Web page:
objective existence when the material stimulations from the outer
world are such as to force all normally constituted minds to the same
series and combinations of perceptive acts; a fact which explains
why the artist can transmit the shapes existing in his own mind to
the mind of a beholder or hearer by combining certain objective
stimulations, say those of pigments on paper or of sound vibrations
in time, so as to provoke perceptive activities similar to those which
would, ceteris paribus, have been provoked in himself if that
shape had not existed first of all only in his mind.

A further illustration of the principle that shape-perception is a
combination of active measurements and comparisons, and of
remembrance and expectations, is found in a fact which has very
great importance in all artistic dealings with shapes. I have spoken,
for simplicity's, sake, as if the patches of colour on a blank (i.e.
uninteresting) ground along which the glance sweeps, were
invariably contiguous and continuous. But these colour patches, and
the sensations they afford us, are just as often, discontinuous in the
highest degree; and the lines constituting a shape may, as for
instance in constellations, be entirely imaginary. The fact is that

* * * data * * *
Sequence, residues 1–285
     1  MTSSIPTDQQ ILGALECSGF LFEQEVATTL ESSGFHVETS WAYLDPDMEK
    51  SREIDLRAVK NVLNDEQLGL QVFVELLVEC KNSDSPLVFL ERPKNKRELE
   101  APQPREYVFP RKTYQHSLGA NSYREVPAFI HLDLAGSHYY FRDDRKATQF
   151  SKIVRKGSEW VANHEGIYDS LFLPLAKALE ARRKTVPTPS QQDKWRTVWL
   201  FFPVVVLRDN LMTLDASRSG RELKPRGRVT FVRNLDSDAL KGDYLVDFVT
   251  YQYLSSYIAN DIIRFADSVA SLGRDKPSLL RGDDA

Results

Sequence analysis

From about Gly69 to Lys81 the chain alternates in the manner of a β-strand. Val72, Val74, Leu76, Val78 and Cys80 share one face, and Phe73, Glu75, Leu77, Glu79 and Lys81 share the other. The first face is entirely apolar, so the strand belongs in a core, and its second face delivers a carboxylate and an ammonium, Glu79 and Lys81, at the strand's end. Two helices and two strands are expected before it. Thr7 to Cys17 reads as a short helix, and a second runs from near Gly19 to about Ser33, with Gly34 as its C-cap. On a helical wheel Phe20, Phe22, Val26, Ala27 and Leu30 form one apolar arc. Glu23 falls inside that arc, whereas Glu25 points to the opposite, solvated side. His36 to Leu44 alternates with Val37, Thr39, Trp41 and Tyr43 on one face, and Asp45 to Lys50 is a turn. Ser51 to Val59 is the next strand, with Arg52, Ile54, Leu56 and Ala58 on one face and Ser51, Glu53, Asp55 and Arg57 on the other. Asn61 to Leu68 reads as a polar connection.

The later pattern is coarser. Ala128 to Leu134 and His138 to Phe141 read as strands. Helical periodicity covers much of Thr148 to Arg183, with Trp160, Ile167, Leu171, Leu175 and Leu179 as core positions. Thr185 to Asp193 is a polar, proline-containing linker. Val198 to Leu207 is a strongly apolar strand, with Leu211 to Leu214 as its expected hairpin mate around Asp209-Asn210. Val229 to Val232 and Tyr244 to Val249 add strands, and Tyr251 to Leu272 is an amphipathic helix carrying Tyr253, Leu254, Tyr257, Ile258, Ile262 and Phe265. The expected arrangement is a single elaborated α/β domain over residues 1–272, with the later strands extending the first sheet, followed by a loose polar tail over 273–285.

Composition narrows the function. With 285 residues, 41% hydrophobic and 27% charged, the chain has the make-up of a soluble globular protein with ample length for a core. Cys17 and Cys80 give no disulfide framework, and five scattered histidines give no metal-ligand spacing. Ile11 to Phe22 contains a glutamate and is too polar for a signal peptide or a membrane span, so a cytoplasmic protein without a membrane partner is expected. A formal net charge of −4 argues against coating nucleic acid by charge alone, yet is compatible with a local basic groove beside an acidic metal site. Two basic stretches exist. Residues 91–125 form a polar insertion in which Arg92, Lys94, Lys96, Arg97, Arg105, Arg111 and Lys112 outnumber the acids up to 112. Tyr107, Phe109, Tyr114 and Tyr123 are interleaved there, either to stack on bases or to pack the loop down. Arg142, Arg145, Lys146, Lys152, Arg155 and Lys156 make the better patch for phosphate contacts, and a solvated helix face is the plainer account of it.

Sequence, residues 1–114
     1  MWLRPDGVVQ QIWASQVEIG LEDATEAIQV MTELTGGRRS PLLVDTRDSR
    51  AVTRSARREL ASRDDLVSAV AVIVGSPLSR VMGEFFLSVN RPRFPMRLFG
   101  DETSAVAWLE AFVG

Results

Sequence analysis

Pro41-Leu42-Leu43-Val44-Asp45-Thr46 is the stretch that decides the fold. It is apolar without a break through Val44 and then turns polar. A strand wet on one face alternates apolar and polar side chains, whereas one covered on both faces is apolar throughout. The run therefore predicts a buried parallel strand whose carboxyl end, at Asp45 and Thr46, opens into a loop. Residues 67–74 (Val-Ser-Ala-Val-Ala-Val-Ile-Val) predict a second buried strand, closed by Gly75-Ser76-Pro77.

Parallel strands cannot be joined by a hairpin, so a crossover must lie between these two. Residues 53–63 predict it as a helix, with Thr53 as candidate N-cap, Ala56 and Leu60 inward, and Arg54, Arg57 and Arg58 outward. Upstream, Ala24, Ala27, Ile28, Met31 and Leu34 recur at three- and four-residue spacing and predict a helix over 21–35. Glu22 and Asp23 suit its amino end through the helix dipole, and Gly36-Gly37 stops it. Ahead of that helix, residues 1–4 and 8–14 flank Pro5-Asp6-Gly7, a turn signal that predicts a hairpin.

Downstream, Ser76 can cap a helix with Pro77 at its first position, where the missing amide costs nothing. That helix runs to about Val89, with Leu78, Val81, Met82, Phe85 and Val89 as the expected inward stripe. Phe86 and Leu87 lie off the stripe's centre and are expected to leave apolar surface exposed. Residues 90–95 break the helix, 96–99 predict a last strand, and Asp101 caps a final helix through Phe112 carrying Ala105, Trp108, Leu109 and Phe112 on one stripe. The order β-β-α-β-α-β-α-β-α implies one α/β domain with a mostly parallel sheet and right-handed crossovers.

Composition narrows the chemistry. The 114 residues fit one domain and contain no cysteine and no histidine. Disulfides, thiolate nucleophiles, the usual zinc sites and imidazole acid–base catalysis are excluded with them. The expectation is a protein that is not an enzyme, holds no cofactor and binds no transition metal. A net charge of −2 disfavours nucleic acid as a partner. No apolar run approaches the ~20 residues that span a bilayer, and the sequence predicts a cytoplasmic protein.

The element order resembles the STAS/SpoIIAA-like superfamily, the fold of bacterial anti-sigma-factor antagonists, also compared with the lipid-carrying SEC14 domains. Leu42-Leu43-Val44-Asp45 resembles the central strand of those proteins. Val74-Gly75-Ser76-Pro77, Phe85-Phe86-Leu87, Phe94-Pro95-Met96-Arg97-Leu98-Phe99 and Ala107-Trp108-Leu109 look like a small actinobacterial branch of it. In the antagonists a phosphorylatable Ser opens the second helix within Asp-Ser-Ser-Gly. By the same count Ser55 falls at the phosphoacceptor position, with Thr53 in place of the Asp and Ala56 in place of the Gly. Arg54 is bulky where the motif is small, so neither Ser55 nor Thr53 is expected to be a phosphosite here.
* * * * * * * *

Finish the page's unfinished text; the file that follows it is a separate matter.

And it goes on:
what we feel as a line is not an objective continuity of
colour-or-light-patches, but the continuity of our glance's sweep which
may either accompany this objective continuity or replace it. Indeed
such imaginary lines thus established between isolated colour patches,
are sometimes felt as more vividly existing than real ones, because the
glance is not obliged to take stock of their parts, but can rush freely
from extreme point to extreme point. Moreover not only half the
effectiveness of design, but more than half the efficiency of practical
life, is due to our establishing such imaginary lines. We are
inevitably and perpetually dividing visual space (and something of
the sort happens also with "musical space") by objectively
non-existent lines answering to our own bodily orientation. Every course,
every trajectory, is of this sort. And every drawing executed by an
artist, every landscape, offered us by "Nature," is felt, because it is
measured, with reference to a set of imaginary horizontals or
perpendiculars. While, as I remember the late Mr G. F. Watts
showing me, every curve which we look at is felt as being part of
an imaginary circle into which it could be prolonged. Our sum of
measuring and comparing activities, and also our dramas of
remembrance and expectation, are therefore multiplied by these
imaginary lines, whether they connect, constellation-wise, a few
isolated colour indications, or whether they are established as
standards of reference (horizontals, verticals, etc.) for other really
existing lines; or whether again they be thought of, like those circles,
as wholes of which objectively perceived series of colour patches
might possibly be parts. In all these cases imaginary lines are
felt, as existing, inasmuch as we feel the movement by which we
bring them into existence, and even feel that such a movement might
be made by us when it is not.

So far, however, I have dealt with these imaginary lines only as an
additional proof that shape-perception is an establishment of two
dimensional relationships, through our own activities, and an active
remembering, foreseeing and combining thereof.